scout

1
[skout]
|

noun

verb (used without object)

verb (used with object)


Origin of scout

1
1300–50; (v.) Middle English skowten < Old French escouter, escolter, ascolter (French écouter to listen) < Late Latin ascultāre, Latin auscultāre to listen; see auscultate; (noun) < Middle French escoute, derivative of escouter

scout

2
[skout]

verb (used with object)

to treat with scorn; dismiss.
to make fun of; deride; mock.

verb (used without object)

to scoff; jeer.

Origin of scout

2
1595–1605; perhaps < Old Norse skūta, skūt abuse, angry words. See shout
Dictionary.com Unabridged Based on the Random House Unabridged Dictionary, © Random House, Inc. 2019

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British Dictionary definitions for scouted

Scout

noun

(sometimes not capital) a boy or (in some countries) a girl who is a member of a worldwide movement (the Scout Association) founded as the Boy Scouts in England in 1908 by Lord Baden-Powell with the aim of developing character and responsibilitySee also Air Scout, Girl Scout, Guide, Sea Scout, Venture Scout

scout

1

noun

a person, ship, or aircraft sent out to gain information
military a person or unit despatched to reconnoitre the position of the enemy
sport a person employed by a club to seek new players
the act or an instance of scouting
(esp at Oxford University) a college servantCompare gyp 3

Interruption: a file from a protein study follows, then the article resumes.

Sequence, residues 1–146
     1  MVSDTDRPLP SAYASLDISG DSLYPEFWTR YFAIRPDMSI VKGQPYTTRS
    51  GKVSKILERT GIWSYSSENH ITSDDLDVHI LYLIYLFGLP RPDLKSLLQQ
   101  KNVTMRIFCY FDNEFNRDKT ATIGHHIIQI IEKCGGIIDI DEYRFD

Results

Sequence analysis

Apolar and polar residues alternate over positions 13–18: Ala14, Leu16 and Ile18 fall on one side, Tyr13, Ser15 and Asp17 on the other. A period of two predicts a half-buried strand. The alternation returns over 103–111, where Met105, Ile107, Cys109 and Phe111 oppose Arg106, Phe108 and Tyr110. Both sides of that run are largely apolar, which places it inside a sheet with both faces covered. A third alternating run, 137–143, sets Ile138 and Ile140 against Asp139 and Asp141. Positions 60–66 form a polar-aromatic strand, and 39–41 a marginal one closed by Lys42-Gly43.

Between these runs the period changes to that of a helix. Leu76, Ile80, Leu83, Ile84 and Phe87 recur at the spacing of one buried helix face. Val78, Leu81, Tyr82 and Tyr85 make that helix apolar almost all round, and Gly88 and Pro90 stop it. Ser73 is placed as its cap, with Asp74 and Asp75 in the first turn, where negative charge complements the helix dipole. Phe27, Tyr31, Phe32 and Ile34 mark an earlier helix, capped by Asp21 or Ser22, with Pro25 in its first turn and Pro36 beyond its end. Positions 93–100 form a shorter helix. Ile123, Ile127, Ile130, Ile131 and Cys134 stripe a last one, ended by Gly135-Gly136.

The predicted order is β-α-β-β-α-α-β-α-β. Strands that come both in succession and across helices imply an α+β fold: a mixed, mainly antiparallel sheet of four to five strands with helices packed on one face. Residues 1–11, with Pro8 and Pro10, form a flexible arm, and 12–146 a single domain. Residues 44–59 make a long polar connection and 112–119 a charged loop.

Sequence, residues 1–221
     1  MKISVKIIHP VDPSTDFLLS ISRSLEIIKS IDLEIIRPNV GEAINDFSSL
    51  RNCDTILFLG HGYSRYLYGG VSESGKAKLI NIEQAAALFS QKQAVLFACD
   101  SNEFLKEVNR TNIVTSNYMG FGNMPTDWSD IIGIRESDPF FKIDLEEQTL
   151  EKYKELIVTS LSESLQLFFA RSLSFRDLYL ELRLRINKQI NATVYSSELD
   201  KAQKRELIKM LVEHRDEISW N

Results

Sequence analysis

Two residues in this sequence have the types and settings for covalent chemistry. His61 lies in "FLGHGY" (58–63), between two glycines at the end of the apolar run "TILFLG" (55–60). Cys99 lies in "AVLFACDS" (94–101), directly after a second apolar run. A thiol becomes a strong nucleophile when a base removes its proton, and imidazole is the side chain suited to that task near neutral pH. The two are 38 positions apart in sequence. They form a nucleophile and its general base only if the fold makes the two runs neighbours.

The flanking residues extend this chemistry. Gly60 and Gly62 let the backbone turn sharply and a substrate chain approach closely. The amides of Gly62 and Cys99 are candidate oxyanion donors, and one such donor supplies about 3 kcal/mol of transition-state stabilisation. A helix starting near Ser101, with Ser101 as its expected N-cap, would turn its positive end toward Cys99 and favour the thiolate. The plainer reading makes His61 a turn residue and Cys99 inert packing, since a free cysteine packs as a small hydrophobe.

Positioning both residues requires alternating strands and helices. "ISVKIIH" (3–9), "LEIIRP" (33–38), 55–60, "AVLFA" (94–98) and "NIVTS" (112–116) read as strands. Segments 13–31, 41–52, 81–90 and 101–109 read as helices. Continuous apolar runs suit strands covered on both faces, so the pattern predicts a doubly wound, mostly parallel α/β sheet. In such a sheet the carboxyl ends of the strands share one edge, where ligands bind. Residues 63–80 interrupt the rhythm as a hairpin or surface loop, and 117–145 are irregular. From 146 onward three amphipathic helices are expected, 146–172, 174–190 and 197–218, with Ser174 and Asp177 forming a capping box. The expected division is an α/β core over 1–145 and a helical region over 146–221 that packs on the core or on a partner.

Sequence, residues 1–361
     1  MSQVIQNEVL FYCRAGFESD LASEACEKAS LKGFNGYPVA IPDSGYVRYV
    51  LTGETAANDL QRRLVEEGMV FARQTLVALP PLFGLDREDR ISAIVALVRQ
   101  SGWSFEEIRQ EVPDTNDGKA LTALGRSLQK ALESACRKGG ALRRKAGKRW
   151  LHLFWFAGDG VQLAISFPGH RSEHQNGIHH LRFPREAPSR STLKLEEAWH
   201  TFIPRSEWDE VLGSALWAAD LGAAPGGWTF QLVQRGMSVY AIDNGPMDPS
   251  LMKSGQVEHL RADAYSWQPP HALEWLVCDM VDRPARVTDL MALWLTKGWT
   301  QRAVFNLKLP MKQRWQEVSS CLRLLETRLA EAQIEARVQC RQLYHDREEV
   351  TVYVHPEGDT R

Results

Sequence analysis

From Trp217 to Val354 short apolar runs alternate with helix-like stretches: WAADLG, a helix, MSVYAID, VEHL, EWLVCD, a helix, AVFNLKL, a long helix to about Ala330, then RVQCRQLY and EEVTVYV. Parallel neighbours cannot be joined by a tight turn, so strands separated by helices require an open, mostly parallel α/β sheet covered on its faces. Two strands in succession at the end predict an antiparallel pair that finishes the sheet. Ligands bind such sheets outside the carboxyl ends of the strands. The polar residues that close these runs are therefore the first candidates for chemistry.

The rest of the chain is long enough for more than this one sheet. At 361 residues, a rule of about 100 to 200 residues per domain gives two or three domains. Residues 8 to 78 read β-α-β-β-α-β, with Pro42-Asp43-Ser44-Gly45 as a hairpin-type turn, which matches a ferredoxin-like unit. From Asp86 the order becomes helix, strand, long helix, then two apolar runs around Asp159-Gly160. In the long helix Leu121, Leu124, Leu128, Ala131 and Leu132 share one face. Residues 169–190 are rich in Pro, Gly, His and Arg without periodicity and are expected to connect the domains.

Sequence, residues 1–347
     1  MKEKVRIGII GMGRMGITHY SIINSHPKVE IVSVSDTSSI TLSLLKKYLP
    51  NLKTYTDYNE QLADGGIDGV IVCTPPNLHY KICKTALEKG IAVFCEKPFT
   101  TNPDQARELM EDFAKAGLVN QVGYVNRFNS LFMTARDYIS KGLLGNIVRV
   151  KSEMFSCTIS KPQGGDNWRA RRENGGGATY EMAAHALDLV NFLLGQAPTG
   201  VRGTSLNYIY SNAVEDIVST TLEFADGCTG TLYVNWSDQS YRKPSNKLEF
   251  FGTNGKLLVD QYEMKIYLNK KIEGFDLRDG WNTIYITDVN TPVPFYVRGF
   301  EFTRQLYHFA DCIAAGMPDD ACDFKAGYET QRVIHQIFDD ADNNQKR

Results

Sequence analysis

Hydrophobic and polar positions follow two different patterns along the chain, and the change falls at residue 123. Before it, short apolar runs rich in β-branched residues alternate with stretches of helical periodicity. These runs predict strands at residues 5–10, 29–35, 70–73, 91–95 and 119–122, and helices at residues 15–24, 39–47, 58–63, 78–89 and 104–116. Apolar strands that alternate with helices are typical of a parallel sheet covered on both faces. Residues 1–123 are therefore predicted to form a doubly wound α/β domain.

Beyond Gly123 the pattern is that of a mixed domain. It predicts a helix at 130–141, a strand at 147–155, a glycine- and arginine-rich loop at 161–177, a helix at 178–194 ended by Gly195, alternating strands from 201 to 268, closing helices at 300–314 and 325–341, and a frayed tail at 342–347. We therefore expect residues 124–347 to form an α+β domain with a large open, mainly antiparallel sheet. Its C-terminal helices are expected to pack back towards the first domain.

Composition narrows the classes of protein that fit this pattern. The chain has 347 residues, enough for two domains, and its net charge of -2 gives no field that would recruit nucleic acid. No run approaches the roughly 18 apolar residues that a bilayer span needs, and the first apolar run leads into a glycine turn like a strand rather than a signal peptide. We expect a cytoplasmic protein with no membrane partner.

obsolete (in Britain) a patrolman of a motoring organization
informal a fellow or companion

verb

to examine or observe (anything) in order to obtain information
(tr; sometimes foll by out or up) to seek
(intr) to act as a scout for a sports club
(intr; foll by about or around) to go in search (for)
Derived Formsscouter, noun

Word Origin for scout

C14: from Old French ascouter to listen to, from Latin auscultāre to auscultate

scout

2

verb

archaic to reject (a person or thing) with contempt

Word Origin for scout

C17: from Old Norse skūta derision
Collins English Dictionary - Complete & Unabridged 2012 Digital Edition © William Collins Sons & Co. Ltd. 1979, 1986 © HarperCollins Publishers 1998, 2000, 2003, 2005, 2006, 2007, 2009, 2012

Word Origin and History for scouted

scout

v.1

late 14c., "observe or explore as a scout, travel in search of information," from Old French escouter "to listen, heed" (Modern French écouter), from Latin auscultare "to listen to, give heed to" (see auscultate). Related: Scouted; scouting.

scout

v.2

"to reject with scorn," 1710, earlier "to mock" (c.1600), of Scandinavian origin (cf. Old Norse skuta, skute "to taunt"), probably from a source related to shout (v.). Related: Scouted; scouting; scoutingly.

scout

n.

"person who scouts, one sent out to gain information," 1550s, from scout (v.1). Boy Scout is from 1908. Scout's honor attested from 1908.

Online Etymology Dictionary, © 2010 Douglas Harper

Idioms and Phrases with scouted

scout

see good egg (scout).

The American Heritage® Idioms Dictionary Copyright © 2002, 2001, 1995 by Houghton Mifflin Harcourt Publishing Company. Published by Houghton Mifflin Harcourt Publishing Company.